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Perceiving Suffering: Ethical Implications of Photographic Transparency

Perceiving Suffering: Ethical Implications of Photographic Transparency

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Published by: api-3738298 on Nov 26, 2009
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03/18/2014

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Perceiving Suffering: Ethical Implications of Photographic Transparency
by
Maia R. Falconi-Sachs

A Thesis submitted to the Faculty
in partial fulfillment of the requirements for the
BACHELOR OF ARTS

Accepted
_______________________________
Samuel G. Ruhmkorff, Thesis Advisor
_______________________________
Arthur Hillman, Second Reader
_______________________________
Tanya Marcuse, Third Reader
_______________________________
Mary B. Marcy, Provost and Vice President
Simon\u2019s Rock College of Bard
Great Barrington, Massachusetts
2006
Abstract

There has been a long standing debate in the fields of both philosophy and photography over the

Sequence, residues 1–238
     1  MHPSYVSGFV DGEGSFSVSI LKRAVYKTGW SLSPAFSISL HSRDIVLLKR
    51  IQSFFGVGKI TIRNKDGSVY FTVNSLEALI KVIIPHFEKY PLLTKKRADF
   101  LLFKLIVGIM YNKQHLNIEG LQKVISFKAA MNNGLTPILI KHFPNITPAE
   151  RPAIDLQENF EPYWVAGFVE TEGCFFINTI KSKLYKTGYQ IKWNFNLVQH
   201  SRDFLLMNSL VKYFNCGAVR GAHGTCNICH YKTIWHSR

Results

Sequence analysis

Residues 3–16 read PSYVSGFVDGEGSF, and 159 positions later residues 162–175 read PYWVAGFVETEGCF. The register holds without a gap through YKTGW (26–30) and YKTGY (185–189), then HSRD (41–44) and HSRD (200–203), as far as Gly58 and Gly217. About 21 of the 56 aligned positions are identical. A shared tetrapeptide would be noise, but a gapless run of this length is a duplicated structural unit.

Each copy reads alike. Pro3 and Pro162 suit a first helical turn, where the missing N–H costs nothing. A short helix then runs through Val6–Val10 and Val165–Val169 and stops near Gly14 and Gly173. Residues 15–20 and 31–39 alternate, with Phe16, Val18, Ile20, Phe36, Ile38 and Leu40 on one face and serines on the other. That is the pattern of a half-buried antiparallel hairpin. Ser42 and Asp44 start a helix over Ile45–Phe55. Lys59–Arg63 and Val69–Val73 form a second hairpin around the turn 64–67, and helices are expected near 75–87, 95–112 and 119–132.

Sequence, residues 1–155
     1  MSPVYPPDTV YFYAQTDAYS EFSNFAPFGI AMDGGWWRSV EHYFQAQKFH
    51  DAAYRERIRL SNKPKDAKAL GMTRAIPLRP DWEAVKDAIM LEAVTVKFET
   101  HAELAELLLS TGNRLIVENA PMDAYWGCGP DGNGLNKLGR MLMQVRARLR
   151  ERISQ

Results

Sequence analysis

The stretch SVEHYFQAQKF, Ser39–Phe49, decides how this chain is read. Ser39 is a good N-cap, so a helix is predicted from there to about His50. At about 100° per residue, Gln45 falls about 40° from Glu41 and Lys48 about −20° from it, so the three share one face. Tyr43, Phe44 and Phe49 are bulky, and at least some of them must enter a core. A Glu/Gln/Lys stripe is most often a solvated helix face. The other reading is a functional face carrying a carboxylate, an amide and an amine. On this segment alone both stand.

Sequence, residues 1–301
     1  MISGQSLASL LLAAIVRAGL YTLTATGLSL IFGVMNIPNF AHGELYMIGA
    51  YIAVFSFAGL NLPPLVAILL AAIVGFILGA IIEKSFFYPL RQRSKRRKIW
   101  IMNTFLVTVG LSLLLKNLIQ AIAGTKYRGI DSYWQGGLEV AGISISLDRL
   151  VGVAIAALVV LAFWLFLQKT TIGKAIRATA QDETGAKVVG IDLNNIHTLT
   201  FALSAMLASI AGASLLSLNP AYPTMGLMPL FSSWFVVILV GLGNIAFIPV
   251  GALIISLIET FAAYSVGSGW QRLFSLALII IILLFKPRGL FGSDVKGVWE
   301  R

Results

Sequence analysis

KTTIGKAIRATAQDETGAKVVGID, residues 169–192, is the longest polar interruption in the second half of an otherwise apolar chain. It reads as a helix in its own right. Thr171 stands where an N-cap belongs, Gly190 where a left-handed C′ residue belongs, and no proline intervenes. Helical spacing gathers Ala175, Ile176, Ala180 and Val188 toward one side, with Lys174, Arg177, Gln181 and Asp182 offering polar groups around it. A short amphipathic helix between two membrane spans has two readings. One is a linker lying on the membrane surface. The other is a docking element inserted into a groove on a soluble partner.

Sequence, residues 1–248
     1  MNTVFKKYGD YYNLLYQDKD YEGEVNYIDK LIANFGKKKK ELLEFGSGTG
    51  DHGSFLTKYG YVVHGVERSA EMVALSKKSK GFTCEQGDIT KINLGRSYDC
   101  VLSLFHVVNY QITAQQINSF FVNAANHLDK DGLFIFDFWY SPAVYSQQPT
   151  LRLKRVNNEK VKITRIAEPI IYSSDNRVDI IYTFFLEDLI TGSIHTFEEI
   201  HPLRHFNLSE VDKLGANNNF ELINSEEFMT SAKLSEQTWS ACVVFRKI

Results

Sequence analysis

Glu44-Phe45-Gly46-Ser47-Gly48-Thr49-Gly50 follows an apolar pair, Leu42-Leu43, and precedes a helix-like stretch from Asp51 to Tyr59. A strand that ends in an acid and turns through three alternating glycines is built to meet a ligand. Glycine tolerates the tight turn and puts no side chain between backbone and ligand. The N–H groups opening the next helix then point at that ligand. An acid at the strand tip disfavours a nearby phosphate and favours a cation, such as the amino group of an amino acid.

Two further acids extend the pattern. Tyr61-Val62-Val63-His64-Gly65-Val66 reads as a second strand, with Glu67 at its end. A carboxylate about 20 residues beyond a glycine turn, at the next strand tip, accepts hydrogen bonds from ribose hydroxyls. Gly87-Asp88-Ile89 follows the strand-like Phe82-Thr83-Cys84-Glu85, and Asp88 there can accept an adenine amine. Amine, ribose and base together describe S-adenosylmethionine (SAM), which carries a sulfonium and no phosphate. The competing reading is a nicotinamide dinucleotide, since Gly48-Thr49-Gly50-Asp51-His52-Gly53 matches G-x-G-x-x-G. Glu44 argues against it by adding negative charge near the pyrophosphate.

ethics of photographing people who are suffering. Up until now the ethical debates about
documentary photography depicting human suffering have failed to consider the philosophical
debate on photographic transparency and the consequences it has for these ethical dilemmas,
which I believe to be an oversight of serious consequence.

This debate on photographic transparency focuses on the question of what it is that makes us
consider photographs to have a superior status as a medium of visual representation. and the
transparency theory states that photographs give us actual visual access to their depicta. I have
found that the transparency thesis has considerable implications for ethical disputes on the
representation and viewing of human suffering through photography.
In this thesis I draw the connection between photographic transparency and the ethics of
documentary photography and examine some of the fundamental ethical debates in photography
with the assumption of photographic transparency. Due largely to the fact that it often seems to
be the situations in which there is human suffering being photographed and displayed that spark
the most ethical debate, this thesis focuses primarily on the ethical dilemmas that come up in
relation to photographs which depict human suffering.

For my Grandmothers, Harriet Sachs and Amada Falconi, whom always believed in me and
lovingly pushed me to take many of the paths which have led me here.

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